There’s a few things about Saturday night’s game everyone can agree on.
Napavine (4-1) and Onalaska (5-0) are definitely playing. It’s definitely the last game of the season for both teams, no matter the outcome, and it definitely kicks off at 7 p.m. in Centralia.
Beyond that? Opinions vary.
The differences start with what, exactly, the game should technically be called.
“At the WIAA level, this is going to be a regional championship — this’ll be the Southwest Washington 2B regional,” Napavine coach Josh Fay said. “I think they’re trying to get four or five of these or something, so I guess we’ll take that.”
Onalaska coach Mazen Saade wasn’t so sure about any official designation.
“We won our league and put ourselves into, I guess, the next step, which is what our ADs are calling a crossover,” he said. “I think people are going to make a bigger deal out of it because it’s Napavine vs. Onalaska. It’s mega-super-regionals, or whatever people are going to call it. We don’t know what it is.”
Whatever it is, the teams took different paths to get there — and wound up back where they started in terms of opponents.
The Tigers entered the season as the state’s top-ranked 2B team, loaded with returning starters from a state semifinalist team in 2019 — including star quarterback Laythan Demarest, bruising running back Gavin Parker, tight end/defensive end Cade Evander, and Oregon State-offered lineman Keith Olson.
That team was then decisively thumped by Onalaska, 38-0, in both teams’ season opener on Feb. 15.
“They were just a lot more prepared than we were. They were a lot more physical than we were,” Fay said. “I thought they definitely played a lot cleaner of a game, and we didn’t do that. It’s the tale of two teams and one being ready to go and one not being ready to go.”
Since then, things have been looking up; the Tigers went 3-0 to win the SWW 2B North Division, beating Kalama (49-32), Rainier (55-12) and Forks (34-19) along the way.
“I think all of our kids have gotten better each week that we’ve been out here playing,” Fay said. “I think we’ve grown as football players and individuals. It probably wasn’t hard to get better from where we started, but we’ve certainly moved in that direction and we’re doing a lot of things well right now.”
The Loggers came into the season as something of an overqualified self-proclaimed underdog — a undefeated defending state champion from the toughest division in the state, that graduated its best lineman, its quarterback, and all of its running backs with meaningful carries in 2019.
“We lost a lot of guys, we didn’t know what we were going to be, and no one really gave us any kind of shot, but I’ve been very proud of how these guys have responded this year,” Saade said. “Definitely coming in, we were the underdogs, and I still think we are. Saturday, our hands are full with a really good football team.”
The chip on the Loggers’ collective shoulder was certainly there in the Week 1 win. They’ve survived a few close calls since in running their undefeated streak to 18 games and winning the SWW 2B South Division. They beat Forks in overtime in Week 2, and last week beat Kalama in an absurd 68-58 shootout that was a rematch of the 2019 state title game.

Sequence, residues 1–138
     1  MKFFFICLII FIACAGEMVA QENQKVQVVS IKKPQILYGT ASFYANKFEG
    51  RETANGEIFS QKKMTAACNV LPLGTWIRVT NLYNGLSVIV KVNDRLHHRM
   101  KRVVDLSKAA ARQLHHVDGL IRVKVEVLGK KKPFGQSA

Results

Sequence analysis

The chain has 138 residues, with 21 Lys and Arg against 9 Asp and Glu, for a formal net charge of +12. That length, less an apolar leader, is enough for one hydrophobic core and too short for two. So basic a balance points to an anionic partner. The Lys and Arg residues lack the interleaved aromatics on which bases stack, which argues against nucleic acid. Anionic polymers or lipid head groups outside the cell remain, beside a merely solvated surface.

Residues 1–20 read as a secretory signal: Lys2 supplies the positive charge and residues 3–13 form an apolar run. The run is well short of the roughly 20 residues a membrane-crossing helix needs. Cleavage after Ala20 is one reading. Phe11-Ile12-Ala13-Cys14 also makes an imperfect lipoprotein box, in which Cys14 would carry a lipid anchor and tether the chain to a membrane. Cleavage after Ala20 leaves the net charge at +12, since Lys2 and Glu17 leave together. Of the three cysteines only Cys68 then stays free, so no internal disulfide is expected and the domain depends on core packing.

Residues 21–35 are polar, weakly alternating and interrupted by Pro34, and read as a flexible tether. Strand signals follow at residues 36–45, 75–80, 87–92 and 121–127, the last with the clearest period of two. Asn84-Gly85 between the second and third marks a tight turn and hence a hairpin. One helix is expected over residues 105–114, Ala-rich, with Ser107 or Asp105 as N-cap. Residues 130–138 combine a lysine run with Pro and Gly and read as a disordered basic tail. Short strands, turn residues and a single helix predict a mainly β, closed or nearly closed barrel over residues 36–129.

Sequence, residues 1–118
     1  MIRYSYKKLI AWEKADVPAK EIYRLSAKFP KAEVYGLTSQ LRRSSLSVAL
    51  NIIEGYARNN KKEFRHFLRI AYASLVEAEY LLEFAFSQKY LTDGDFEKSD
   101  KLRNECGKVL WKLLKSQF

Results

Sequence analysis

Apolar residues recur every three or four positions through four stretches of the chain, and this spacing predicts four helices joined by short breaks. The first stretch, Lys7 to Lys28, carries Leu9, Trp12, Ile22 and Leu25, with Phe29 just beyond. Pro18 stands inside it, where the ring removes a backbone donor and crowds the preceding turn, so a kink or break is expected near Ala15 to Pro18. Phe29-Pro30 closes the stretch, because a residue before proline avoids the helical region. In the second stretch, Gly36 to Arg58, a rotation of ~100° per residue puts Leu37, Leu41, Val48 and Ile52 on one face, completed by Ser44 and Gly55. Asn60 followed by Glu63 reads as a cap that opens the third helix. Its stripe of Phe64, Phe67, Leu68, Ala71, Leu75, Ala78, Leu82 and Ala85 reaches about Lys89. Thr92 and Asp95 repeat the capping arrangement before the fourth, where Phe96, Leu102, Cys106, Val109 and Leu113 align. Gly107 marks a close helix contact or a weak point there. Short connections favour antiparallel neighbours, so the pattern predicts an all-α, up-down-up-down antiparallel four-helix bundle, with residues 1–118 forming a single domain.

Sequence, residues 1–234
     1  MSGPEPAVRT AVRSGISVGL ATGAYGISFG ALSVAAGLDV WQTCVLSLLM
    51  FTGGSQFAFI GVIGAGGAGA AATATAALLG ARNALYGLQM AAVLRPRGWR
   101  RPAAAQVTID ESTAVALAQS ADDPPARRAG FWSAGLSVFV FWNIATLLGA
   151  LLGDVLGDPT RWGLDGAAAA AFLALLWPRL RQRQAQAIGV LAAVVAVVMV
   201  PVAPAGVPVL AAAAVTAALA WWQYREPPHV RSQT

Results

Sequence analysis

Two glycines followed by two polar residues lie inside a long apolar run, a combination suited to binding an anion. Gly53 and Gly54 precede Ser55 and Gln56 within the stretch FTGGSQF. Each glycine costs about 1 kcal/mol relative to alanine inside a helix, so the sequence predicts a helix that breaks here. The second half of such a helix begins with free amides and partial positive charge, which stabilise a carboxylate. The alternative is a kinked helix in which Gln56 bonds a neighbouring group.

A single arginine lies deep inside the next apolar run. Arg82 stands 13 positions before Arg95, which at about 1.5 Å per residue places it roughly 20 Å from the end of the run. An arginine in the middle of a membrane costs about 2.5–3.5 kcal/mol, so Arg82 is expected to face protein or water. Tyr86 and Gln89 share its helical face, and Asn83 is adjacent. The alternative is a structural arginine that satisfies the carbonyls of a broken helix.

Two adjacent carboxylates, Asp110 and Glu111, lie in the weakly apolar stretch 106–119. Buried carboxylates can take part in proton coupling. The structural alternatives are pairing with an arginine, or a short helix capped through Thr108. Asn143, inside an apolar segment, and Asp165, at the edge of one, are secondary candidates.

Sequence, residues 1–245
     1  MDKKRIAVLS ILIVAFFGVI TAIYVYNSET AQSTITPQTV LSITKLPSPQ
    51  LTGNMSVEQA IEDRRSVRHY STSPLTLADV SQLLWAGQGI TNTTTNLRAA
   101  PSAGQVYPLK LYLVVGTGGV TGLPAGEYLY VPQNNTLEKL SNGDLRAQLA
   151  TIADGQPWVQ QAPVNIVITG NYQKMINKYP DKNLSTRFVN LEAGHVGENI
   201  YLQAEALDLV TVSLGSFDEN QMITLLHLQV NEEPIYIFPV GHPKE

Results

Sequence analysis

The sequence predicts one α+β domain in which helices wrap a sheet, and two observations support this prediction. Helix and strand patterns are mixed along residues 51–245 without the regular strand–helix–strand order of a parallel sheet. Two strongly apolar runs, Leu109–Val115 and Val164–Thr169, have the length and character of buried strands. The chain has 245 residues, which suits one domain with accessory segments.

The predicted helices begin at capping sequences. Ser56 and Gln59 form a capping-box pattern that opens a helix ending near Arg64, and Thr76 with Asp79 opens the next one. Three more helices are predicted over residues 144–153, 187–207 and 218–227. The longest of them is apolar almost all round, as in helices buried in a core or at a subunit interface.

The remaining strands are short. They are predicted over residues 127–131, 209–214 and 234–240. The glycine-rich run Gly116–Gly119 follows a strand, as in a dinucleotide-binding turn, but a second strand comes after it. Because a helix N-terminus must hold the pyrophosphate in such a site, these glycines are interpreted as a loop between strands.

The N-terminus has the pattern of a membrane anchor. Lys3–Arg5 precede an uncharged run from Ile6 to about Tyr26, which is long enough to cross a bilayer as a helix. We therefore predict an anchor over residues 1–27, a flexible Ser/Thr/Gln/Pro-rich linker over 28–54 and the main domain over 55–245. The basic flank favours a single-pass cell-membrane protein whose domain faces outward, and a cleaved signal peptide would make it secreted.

Marshall Haight, a junior fullback, paces the run-heavy offense with 895 yards on 163 carries (5.5 yards per carry) and nine touchdowns. That includes his latest effort, a 288-yard, five-touchdown performance in a wild 68-58 win over Kalama last Friday in a rematch of the 2019 2B championship game.
Juniors Gunnar Talley and Kolby Mozingo have also seen plenty of carries, while senior Danny Dalsted has provided leadership at quarterback. Daniel Malott, another junior, filled the open spot on the offensive line.
So what, exactly, is Saturday’s game? That depends on whether you feel like calling it the next game on the schedule or a would-be championship game.
“It’s the No. 1 from each division, and it just happens that we’ve already played, so we’re going to go play that game as if it’s our next one,” Saade said. “And we’re playing against a really good opponent.”
Saade was quick to laud Napavine’s personnel and program history.
“They’re obviously one of the top programs in the state, not just in 2B, but the entire state,” he said. “They’ve been recognized as one of the top programs. The whole staff does an amazing job, year in and year out, and their team is full of very, very good players — talented players that work in their system.”
Fay noted that, in a typical season, Saturday’s game could have been a state championship bout.
“Certainly six games is not necessarily the barometer for the best teams in the state, but we do think we’re one of the best teams in the state, and we think Onalaska’s one of the best teams — if not the best team — in the state,” he said. “At the end of the day, we’re approaching this as another state title game. Heck, we’re playing the defending state champs and they’re undefeated. Why would we feel anything else?”
While the paths, names and approaches to Saturday’s game may vary, there’s at least one constant: an appreciation for committing to the basics of football.
“Ball security, blocking and tackling,” Fay said. “If we can do those things we might give ourselves a chance.”
Saade, independently, concurred.
“If we’re not prepared to block and tackle, it’s going to be a long night,” Saade said. “Napavine’s not a team you can play and just be content.”